Upon rereading these stories, it strikes me how tragic Hellboy's "monster of the week" usually is - as if being clobbered by the Big Red Ape would be the best thing for them in any case. "The Corpse" is the standout in this volume as the perfect Hellboy story, but the rest are uniformly outstanding as well. When this book first landed in my lap all those years ago, how could I not be hooked?...more
2016 Re-read: Hellboy Take Two serves as a direct sequel to Seed of Destruction, bringing back some of the same bad guys and even giving us the low-d 2016 Re-read: Hellboy Take Two serves as a direct sequel to Seed of Destruction, bringing back some of the same bad guys and even giving us the low-down on Rasputin and some hints as to Hellboy's grand destiny. However, despite all the exposition, Wake the Devil leaves me with a feeling of "What the hell just happened?" - a certain level of narrative confusion that I always felt afflicted the series and that I'm hoping reading the whole series through in a short span of time will help clear up.
More than in volume 1, Wake the Devil is outright funny. I particularly enjoyed Hellboy's difficulties with his jet-pack and the fact that some of the bad guys mistake him for a trained circus ape. Come to think of it, Mignola's drawing of him in this volume do make him look sort of apish....more
With the final volume in the Hellboy saga promised for later this year, what better time to read the whole thing from the start? The whol2016 re-read:
With the final volume in the Hellboy saga promised for later this year, what better time to read the whole thing from the start? The whole series is, of course, told out of chronological order (Mignola gives himself the last 75 years to play with in terms of storytelling). Seed of Destruction does the neat trick of showing Hellboy's origin and picking up his ongoing adventures in media res at the same time. He's been "the world's greatest paranormal investigator" for decades before finally running into the sorcerer who brought him into the world in the first place - and then the story really begins.
I'd forgotten that the initial Hellboy volumes were scripted by John Byrne, making this a much wordier comic than the later adventures scripted by Mignola himself. Everything is in service to the art, the world-building, and the fun/creepy character design. What cracks me up about the comics, and the one thing the movies got wrong, is that in Hellboy's world no one bats an eye to see an eight-foot, stubby-horned demon walking around. I guess that only make sense when the true monsters are something out of H.P. Lovecraft's wet dreams. For all their "evil," the denizens of Judeo-Christian Hell are still creatures in humanity's image. The monsters of the Lovecraft mythos that inspire Mignola's horrors are so alien and terrifying that by comparison the devil himself must look like an OK guy. ...more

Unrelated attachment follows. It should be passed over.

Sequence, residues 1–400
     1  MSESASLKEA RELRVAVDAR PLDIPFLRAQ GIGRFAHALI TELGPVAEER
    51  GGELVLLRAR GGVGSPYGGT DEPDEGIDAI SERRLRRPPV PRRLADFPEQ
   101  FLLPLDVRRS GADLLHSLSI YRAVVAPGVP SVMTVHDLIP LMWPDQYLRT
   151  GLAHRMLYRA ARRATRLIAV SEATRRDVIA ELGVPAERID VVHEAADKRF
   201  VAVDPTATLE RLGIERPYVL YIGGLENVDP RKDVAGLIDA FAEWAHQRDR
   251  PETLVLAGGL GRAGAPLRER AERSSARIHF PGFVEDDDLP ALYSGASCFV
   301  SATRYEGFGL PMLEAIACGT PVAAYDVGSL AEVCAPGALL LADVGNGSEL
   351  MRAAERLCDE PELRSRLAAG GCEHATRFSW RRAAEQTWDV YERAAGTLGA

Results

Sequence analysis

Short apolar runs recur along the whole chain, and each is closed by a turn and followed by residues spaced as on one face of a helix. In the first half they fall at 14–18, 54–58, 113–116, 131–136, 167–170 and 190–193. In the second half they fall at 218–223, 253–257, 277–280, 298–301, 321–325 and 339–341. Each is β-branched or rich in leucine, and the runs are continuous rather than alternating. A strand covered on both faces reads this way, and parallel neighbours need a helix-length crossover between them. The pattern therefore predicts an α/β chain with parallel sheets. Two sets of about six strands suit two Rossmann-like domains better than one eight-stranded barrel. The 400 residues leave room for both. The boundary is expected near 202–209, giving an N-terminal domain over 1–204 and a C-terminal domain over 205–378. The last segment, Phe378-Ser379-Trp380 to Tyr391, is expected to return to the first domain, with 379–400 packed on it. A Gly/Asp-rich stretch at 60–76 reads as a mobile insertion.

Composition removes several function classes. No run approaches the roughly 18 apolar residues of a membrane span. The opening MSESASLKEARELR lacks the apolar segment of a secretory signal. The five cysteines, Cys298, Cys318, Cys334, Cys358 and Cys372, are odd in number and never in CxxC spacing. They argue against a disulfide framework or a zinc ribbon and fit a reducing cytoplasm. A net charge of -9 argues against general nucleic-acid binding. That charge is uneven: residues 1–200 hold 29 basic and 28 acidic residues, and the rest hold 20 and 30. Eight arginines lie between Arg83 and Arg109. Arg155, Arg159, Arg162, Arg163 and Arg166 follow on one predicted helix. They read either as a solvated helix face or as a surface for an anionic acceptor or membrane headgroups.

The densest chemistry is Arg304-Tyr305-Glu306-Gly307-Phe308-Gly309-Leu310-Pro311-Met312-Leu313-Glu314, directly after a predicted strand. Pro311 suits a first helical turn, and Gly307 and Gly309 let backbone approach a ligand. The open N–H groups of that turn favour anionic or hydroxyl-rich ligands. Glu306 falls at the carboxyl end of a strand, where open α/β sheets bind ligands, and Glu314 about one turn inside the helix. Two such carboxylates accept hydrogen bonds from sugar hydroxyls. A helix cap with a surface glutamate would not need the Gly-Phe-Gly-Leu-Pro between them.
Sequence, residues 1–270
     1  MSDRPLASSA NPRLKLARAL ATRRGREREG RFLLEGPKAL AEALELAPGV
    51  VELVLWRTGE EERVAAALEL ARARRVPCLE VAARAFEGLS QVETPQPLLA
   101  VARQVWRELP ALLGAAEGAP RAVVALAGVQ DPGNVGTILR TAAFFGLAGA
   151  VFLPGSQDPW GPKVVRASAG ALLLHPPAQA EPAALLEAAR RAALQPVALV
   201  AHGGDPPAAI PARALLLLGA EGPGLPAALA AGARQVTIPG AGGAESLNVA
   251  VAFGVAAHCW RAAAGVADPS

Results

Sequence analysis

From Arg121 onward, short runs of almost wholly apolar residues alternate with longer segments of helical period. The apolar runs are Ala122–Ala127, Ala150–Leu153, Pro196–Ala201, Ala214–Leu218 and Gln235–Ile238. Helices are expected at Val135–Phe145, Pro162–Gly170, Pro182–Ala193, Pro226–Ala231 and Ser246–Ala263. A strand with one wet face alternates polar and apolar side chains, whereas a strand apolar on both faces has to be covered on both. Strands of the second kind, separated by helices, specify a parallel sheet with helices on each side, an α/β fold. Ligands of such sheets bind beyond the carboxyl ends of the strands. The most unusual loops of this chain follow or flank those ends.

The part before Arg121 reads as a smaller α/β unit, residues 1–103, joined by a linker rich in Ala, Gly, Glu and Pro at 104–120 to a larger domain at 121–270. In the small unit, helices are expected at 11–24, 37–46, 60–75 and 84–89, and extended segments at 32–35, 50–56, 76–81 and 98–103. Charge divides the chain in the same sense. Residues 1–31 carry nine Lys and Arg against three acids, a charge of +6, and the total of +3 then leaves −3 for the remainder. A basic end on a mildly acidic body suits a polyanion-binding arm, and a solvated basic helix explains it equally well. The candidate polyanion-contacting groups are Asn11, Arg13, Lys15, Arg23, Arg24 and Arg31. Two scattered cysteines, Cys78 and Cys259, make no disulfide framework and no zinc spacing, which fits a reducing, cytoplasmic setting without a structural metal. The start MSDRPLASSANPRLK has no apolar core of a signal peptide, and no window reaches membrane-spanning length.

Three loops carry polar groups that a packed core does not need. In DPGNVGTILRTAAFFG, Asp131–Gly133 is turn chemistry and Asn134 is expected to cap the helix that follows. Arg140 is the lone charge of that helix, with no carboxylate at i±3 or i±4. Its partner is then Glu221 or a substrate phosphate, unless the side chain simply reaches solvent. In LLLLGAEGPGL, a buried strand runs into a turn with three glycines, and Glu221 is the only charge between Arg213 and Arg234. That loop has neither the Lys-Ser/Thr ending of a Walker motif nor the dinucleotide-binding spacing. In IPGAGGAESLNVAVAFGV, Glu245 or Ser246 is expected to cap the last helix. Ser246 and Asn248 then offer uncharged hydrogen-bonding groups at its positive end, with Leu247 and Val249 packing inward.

I know that a lot of people like this book. I wanted to like it too. I started out liking it, then about fifty pages in I realized I'd been tricked inI know that a lot of people like this book. I wanted to like it too. I started out liking it, then about fifty pages in I realized I'd been tricked into reading a paranormal romance novel. Normally I'd have quit right there, but my book group is discussing Greyfriar this month, so I made myself finish it. Around the halfway point, I got over my ire and started enjoying the book for what it was, and not what I'd hoped it would be when I started. I'm glad I did, too - the climax of the book is really well done and sets a good hook for volume 2.
So what do I have against paranormal romance? Well, in this case... It starts off well with a human Princess under attack and on the run from an army of vampires. And let me say, I like these vampires. They're inhuman, alien monsters, with a psychology quite different from that of mere mortals. The world-building, what there is of it, is intriguing and drags you into the novel. And then...
The Princess is rescued by a Dashing Rogue who turns out to be... wait for it... a Prince in disguise. If you suddenly ask yourself, "What is this, a Disney movie?" you might understand how I feel. You might also suspect that you can predict every single story beat from that point on by applying the "beautiful, conflicted princess meets handsome superman with a dark secret" formula, and you'd be right.